Federal procurement spending in the Washington area rose last year at its highest rate since the 1980s, according to a study to be released today, creating tens of thousands of jobs and increasing economic growth disproportionately in Northern Virginia.
The federal government spent $42.2 billion to buy goods and services in the Washington area in the fiscal year that ended in September 2003, according to the study, conducted by the George Mason University Center for Regional Analysis. That was $6.1 billion, or 16.9 percent, more than in 2002, the highest percentage rise since the Reagan-era defense buildup in 1985. Much of the higher spending appears to be largely linked to the war in Iraq and fighting terrorism; the Defense Department accounted for $2.6 billion of the increase, and other security-related agencies were high on the list.
More Federal Dollars Local federal spending increased an average of 10 percent annually from 1991 to 2003.
A Boost for Virginia Northern Virginia benefited the most from last year's increase in local federal spending, the largest since the mid-1980s.
The Washington area economy surged in the past year, adding jobs at a pace similar to that in the late 1990s. Economists and businesspeople long attributed the booming local economy to rising federal spending and the George Mason study, based on data from the Federal Procurement Data Center, supports that belief.
"For a while it has looked like procurement was driving growth in the Washington area economy," said Stephen S. Fuller, the George Mason public policy professor who led the study. "Now we know it."
As a result of the additional $6.1 billion in the local economy, Fuller estimated, the value of all goods and services produced in the region, or gross regional product, rose 4.1 percent in 2003, compared with 3.1 percent nationally. In the year ended in June, the Washington area added 82,000 jobs, according to the Labor Department, more than any other metropolitan area.
Local federal spending on professional, administrative, and management services was $3.3 billion higher in the 2003 fiscal year that in the previous year, a 42.8 percent increase.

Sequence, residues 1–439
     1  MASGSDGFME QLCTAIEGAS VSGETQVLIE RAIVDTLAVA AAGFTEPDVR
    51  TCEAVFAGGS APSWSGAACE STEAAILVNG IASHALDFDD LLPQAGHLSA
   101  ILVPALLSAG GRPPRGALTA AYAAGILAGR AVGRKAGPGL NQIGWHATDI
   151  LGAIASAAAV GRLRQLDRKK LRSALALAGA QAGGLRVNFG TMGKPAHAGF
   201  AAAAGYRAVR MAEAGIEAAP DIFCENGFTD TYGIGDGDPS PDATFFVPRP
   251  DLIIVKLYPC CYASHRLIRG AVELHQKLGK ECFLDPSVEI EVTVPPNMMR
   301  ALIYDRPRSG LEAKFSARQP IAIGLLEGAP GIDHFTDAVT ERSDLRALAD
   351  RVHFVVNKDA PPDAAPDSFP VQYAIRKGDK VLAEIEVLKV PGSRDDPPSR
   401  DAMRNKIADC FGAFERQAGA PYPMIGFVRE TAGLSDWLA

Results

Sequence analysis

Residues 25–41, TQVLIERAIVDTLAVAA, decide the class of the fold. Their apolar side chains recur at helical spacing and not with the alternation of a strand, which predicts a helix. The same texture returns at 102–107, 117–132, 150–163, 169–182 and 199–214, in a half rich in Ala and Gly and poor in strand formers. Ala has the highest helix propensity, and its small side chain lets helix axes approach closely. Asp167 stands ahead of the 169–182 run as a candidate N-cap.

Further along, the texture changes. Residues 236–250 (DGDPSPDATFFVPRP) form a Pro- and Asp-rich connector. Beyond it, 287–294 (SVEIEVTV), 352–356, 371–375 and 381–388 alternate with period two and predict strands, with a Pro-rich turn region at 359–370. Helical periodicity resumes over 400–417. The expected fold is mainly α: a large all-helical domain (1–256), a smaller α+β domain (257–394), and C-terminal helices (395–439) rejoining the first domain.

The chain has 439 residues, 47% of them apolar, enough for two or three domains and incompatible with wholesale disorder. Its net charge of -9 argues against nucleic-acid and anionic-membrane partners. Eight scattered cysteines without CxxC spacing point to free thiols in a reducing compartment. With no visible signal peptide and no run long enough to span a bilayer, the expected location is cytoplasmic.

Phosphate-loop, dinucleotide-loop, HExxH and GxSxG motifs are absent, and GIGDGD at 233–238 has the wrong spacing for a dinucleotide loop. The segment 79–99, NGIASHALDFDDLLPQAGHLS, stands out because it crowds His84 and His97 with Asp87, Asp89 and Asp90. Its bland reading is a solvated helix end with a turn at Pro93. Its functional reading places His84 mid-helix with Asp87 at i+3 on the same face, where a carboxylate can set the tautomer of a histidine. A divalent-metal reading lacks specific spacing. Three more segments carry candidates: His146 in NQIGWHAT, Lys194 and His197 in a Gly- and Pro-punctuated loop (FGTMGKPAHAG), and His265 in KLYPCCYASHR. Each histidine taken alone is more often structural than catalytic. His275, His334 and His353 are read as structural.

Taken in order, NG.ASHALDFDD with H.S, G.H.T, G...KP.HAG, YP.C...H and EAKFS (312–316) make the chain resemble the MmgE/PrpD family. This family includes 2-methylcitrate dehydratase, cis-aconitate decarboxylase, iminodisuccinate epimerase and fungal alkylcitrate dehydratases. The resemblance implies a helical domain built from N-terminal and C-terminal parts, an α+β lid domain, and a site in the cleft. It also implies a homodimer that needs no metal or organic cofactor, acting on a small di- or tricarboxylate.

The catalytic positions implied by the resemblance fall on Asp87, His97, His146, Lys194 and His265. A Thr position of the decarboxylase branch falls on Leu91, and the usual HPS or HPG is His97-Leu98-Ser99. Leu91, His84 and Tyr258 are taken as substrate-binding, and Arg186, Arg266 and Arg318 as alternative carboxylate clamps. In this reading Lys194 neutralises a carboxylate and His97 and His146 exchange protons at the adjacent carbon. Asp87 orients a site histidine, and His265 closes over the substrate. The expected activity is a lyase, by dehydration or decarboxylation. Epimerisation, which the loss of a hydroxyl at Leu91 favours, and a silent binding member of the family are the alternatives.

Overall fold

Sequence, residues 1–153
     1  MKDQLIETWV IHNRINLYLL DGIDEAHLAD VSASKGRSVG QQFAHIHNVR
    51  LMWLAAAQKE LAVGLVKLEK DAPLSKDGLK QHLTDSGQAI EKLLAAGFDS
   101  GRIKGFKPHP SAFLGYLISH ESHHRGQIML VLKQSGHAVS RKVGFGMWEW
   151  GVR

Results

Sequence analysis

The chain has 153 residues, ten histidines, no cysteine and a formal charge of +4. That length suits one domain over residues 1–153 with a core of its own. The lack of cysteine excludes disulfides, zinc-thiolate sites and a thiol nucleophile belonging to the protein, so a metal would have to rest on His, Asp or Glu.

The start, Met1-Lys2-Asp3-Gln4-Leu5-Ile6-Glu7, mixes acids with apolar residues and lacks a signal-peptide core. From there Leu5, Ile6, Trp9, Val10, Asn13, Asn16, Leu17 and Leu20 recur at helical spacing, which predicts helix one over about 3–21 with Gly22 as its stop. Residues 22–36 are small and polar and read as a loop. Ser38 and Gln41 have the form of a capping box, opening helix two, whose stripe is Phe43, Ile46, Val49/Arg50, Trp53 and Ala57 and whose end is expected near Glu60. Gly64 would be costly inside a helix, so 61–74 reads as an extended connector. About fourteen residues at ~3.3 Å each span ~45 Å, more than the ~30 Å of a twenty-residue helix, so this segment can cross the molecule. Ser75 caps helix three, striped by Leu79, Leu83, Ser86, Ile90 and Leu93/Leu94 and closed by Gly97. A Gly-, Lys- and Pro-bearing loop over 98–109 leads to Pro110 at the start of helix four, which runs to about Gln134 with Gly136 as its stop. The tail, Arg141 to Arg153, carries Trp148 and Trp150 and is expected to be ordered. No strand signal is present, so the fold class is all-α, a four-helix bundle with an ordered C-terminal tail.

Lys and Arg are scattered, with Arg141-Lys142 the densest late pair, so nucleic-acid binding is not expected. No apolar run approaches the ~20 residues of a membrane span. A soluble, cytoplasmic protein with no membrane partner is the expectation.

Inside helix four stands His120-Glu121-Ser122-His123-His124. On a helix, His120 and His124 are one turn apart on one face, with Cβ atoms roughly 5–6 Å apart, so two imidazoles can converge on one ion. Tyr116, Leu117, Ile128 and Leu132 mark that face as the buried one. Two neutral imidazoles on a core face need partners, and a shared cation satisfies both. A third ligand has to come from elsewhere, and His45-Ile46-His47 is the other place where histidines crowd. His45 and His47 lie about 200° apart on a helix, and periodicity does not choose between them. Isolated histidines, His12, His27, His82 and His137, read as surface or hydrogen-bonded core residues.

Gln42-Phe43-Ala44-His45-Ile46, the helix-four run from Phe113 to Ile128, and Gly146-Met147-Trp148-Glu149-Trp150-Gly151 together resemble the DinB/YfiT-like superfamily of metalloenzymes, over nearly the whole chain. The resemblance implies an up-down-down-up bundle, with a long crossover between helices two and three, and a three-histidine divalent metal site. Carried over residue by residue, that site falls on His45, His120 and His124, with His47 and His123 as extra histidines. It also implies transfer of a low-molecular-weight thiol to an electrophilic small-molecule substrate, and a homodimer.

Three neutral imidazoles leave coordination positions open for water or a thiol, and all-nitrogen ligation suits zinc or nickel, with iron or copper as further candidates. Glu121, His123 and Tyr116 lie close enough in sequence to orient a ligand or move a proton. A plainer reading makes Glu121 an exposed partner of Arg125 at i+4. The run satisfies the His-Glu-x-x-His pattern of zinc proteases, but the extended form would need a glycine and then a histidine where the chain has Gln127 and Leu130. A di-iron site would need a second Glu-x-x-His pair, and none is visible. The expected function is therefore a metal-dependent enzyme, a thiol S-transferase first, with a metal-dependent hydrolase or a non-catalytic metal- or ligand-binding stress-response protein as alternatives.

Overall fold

The Labor Department statistics do not differentiate between work done for government contractors and purely private-sector equivalents, but it has a category of employers called "professional and business services" firms, which includes many of the government contractors that have the professional, administrative, and management services contracts. There were 31,000 local jobs added in that category in the year ended in June.
"Government spending is the only thing that can explain the very strong job creation the Washington metro area is experiencing," said Anirban Basu, chief executive of economic consulting firm Sage Policy Group in Baltimore, who was not involved with the George Mason study but agreed with Fuller's conclusions about the impact of federal procurement.
The growth in federal purchasing differs on the two sides of the Potomac; some $4.7 billion of the $6.1 billion total increase in procurement was in Northern Virginia. Federal spending in Fairfax County alone rose by $2.3 billion, compared with a $484 million rise in the District and a $950 million increase in suburban Maryland.
That's reflected by job creation. The District added 5,000 jobs in the year ended in June, suburban Maryland added 15,800 and Northern Virginia added 37,400.
Fuller noted the types of government contracting work done in the different jurisdictions. Maryland's government contracting sector is disproportionately occupied by agencies that deal with health care and social services. The government contractors who build computer systems to help analyze intelligence data and manage troops in the battlefield are more commonly in Virginia, in part because it puts them closer to the Pentagon and CIA headquarters.
Procurement spending in the region will almost certainly grow more slowly in coming years, Fuller said, noting the growing federal budget deficit. But he argued that federal procurement spending provides a solid base for the local economy that will keep it growing solidly, if not as spectacularly as last year, through good times and bad.
"As we get back to a balanced budget, we will not get 17 percent growth," Fuller said. "But 7, 8, 9 percent is not so bad."